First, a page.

Why we should all be planning a Waste-less Winter
There is a lot of excitement and anticipation for the festive season in 2021. After lockdowns and uncertainty, we’re all looking forward to loosening up our purse strings, eyeing up Black Friday bargains, planning presents and decorations and thinking about splurging in the sales.
The problem is that 100,000 tonnes of appliances are sent to waste facilities and landfill over the winter period – enough to reach four times higher than the International Space Station. That’s why this year we’re calling for everyone to have a Waste-less Winter – to give unwanted items a new lease of life (while freeing up your space, and saving your pennies and the planet!)
So, what’s the issue?
We’re all guilty of getting carried away and buying more than we need, especially at this time of year – but let’s call it out. Britain has a landfill problem. As a nation we send millions of tonnes of household items to landfill every single year. And despite COP26, the Government’s Net Zero Strategy and climate change being high on the media agenda, our research found that this winter, 74% of people are planning to buy something new to replace something that they already have. What’s more, over a third (37%) admitted that they’ll simply throw away the old item once it has been replaced.
Combine that with English councils sending a staggering seven double-decker buses worth of household “bulky waste” items to landfill between 2019 and 2021, and that could be millions of items destined for landfill – items that could have been resold, or given to someone else who needs them this Christmas.
“But nobody is going to want my old dishwasher, I might as well just chuck it!”
With 46% of people saying they don’t feel equipped to reduce their environmental impact, and 10% thinking their individual actions won’t change anything, we’re here to tell you that you can make a difference.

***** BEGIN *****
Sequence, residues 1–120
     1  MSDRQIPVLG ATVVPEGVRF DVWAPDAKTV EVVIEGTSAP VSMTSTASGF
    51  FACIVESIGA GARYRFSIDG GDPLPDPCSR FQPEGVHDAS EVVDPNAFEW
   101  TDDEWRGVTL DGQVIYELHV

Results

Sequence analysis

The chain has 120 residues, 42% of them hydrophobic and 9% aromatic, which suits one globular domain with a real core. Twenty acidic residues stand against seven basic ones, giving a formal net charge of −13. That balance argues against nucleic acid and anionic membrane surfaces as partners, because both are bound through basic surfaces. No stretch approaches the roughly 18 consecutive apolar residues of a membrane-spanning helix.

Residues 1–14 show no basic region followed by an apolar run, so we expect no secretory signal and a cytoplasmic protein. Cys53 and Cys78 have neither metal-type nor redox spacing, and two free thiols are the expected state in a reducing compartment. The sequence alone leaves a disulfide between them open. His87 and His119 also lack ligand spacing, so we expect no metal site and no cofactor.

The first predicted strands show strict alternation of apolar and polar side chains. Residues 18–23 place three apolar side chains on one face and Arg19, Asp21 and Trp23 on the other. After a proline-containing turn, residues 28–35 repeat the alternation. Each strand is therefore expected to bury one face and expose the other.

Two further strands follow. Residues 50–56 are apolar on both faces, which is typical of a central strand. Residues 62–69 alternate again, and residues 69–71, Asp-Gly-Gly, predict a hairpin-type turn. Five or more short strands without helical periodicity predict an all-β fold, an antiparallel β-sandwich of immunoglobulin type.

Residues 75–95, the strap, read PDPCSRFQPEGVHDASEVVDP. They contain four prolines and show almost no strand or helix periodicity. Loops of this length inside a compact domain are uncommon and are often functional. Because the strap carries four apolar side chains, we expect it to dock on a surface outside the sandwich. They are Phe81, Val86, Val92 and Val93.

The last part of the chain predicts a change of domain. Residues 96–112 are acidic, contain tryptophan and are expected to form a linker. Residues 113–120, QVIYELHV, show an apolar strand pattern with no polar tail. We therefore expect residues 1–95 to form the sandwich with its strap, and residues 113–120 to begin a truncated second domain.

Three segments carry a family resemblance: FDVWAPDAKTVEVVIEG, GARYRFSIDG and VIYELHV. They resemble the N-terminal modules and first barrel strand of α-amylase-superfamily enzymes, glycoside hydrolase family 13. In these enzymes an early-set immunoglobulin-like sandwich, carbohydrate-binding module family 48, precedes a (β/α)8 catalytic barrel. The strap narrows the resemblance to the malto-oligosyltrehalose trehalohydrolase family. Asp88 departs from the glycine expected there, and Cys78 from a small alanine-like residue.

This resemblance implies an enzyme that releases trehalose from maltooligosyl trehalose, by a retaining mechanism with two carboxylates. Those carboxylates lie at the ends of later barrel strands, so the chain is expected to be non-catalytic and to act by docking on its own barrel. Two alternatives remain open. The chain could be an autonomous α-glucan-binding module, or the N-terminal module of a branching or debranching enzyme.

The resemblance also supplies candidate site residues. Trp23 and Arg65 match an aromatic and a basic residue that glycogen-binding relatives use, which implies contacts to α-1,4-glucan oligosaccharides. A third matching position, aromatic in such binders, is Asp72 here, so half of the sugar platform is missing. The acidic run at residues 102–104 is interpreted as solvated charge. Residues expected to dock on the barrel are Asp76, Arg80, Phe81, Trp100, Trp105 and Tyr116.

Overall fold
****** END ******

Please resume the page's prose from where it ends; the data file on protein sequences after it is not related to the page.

Our Waste-less Winter campaign is here to shine a light, and encourage us all to re-think what we’re planning to do with our old white goods, decorations, the items we’ve replaced with gifts – everything – this festive season.
Many of these items have the potential for a second life, which is not only better for the planet, but potentially better for your wallet, too. Listing an item as a freebie on Gumtree costs you nothing (compared to the £34.35 that councils charge on average to pick up a bulky household item) and you’d be helping out someone who needs the very thing that’s clogging up your kitchen.
(Pro tip: ‘Freebie’ is the most searched category on Gumtree, and items listed there – even ones that need repairing – are usually gone the same day :-)).
All actions, however small, can make a difference – it soon becomes a big action if millions of us join together to do the same thing.
Shop responsibly, live sustainably – let’s help our planet
Every single thing we use impacts our environment, but you can really reduce your carbon footprint by shopping second-hand, or by listing the items you’re finished with on Gumtree. Not only does second-hand reduce waste by giving things a second life, it also helps cut down on the emissions associated with making new products and shipping them around the world. Find out more about how buying pre-loved products helps our planet on the Green With Less blog.
Why It’s time to take second hand seriously
COP26 has been and gone. Climate change-makers from around the world united to accelerate action towards climate change goals. But with COP26 and the government’s latest landmark strategy leaving second-hand out of the agenda, we have to do more to tackle consumption, reduce waste and take action to become a more circular society – where we keep goods in use for longer and send less (much, much less) to landfill.
We all have a role to play in changing our habits as consumers, and changing our thinking so that second-hand becomes a first choice. We can start by telling our local authorities and the Government that they need to do more to reuse the items they collect as “waste”. You can help us make that change, and reduce the amount of waste that ends up in landfill, by signing our petition here.
*Source info for the 100k figure and how we calculated it being 4 times higher than the International Space Station Electrical Waste – challenges and opportunities [July 2020], [https://eprints.lancs.ac.uk/id/eprint/145741/1/Material_Focus_Electrical_waste_challenges_and_opportunities.pdf]